I wrote a Hamurabi / King type game for the Casio FX-502P during my sixth form (senior) years at high school, making use of some exploitable display hacks of that particular calculator. I even submitted it to a UK magazine (possibly Computing Today) but it never got published. It's now lost in the mists of time as I no longer have a copy. It was probably buried amongst some of my notes that got destroyed in a recent clearance of my parents' house.

— Ian Abbott
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03-02-2019, 10:49 AM
Post: #70
RE: Have you used your calculator for something that was not really math related?
I created a text file with the list of my cassettes and CDs on a casio fx-8000 that then stole me. Later I replicated it on a hap48s but it took up too much memory and I switched to a more comfortable xls file.

Hardware: Hp48S - Hp50g
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03-02-2019, 01:15 PM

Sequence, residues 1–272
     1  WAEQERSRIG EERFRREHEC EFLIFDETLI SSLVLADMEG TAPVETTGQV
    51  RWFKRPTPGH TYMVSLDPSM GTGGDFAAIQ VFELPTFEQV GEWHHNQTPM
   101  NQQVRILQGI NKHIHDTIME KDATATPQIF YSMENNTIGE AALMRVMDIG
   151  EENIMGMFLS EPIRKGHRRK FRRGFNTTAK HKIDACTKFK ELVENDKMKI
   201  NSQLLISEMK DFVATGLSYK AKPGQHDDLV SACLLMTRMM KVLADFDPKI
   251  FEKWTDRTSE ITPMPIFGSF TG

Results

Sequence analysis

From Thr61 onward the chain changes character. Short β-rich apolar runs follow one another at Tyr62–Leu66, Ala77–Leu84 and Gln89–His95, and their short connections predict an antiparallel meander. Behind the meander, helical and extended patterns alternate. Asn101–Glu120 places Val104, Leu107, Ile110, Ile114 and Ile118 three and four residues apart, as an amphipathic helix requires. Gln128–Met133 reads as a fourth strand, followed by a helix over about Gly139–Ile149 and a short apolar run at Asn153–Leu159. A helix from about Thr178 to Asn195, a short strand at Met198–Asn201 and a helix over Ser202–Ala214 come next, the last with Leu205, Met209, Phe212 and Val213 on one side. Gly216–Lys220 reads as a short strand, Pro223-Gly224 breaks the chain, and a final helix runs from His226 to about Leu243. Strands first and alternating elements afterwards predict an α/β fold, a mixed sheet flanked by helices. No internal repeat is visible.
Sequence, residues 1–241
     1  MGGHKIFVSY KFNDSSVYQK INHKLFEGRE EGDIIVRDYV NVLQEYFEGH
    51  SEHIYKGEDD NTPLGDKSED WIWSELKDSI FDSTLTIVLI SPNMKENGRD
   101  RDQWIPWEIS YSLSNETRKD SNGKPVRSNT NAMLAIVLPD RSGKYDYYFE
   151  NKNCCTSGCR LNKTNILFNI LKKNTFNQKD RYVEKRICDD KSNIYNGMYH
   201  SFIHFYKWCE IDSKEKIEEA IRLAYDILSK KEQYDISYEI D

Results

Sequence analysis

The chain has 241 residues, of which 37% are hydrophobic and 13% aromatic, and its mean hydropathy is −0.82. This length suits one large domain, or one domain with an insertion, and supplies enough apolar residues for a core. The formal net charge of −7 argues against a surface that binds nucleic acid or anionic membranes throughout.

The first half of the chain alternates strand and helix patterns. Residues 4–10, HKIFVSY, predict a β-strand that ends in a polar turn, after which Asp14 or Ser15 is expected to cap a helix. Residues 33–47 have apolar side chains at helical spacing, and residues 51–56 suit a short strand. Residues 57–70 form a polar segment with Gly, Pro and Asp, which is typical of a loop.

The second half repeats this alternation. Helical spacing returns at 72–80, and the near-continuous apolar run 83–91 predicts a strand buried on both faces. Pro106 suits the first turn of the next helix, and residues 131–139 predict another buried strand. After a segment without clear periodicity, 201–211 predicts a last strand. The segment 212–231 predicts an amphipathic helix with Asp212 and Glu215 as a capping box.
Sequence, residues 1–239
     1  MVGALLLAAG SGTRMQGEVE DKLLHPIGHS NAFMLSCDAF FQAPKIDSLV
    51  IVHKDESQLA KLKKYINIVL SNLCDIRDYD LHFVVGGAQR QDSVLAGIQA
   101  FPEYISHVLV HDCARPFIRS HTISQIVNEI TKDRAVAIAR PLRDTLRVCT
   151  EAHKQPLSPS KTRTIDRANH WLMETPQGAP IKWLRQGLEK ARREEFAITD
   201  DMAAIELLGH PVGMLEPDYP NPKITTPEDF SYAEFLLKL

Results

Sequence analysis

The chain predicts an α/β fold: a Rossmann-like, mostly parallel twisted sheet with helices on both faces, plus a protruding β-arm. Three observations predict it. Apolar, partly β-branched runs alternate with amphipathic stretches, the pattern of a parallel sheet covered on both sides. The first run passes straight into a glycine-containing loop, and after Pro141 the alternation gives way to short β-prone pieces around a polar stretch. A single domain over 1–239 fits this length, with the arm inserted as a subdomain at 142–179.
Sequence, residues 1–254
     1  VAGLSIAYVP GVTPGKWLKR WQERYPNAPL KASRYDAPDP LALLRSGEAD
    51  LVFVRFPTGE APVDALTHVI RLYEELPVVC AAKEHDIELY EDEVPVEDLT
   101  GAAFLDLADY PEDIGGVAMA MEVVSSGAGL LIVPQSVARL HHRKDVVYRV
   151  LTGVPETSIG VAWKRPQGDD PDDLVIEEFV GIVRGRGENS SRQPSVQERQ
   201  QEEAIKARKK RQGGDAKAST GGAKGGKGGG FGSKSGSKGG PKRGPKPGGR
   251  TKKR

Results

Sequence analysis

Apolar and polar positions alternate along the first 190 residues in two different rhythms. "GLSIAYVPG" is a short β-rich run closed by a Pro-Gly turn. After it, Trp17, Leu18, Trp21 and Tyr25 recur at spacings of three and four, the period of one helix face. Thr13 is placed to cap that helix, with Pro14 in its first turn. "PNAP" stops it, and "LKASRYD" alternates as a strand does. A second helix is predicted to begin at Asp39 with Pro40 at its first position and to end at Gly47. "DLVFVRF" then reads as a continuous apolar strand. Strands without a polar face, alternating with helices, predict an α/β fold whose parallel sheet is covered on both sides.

Post: #71
RE: Have you used your calculator for something that was not really math related?
Hello!

(03-02-2019 10:49 AM)franz.b Wrote:  ... cassettes and CDs ...

That reminds me of an actual non-math related application I had for my Ti-59 around the year 1980. I used to borrow records (the vinyl type) from a "discoteca", that was in Italy and didn't refer to a dance hall but the equivalent of a "biblioteca" but for records instead of books. I recorded the bits I liked on cassettes. Now the cassette players of the time had non-linear tape counters. There was no 1:1 relation between the playing time of the music and the counter. In order to quicklly find the pieces of music on different tape drives and on different cassettes (C30, C60, C90... they all would lead to different counter values) I had a program for my Ti. Used that quite a lot and I guess I still have the magnetic card somewhere. And even the cassettes (I used a typewriter to neatly write their contents on the sleeves - incredibly "nerdy" ...) are still somewhere. But no working tape drive to play them on.

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Max
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03-02-2019, 02:28 PM (This post was last modified: 03-04-2019 04:32 AM by DaveBr.)
Post: #72
RE: Have you used your calculator for something that was not really math related?
Recently, I wrote a 41CX program that I use to track my automatic watch accuracy/drift.
Dave

RPN rules!
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03-02-2019, 04:25 PM
Post: #73
RE: Have you used your calculator for something that was not really math related?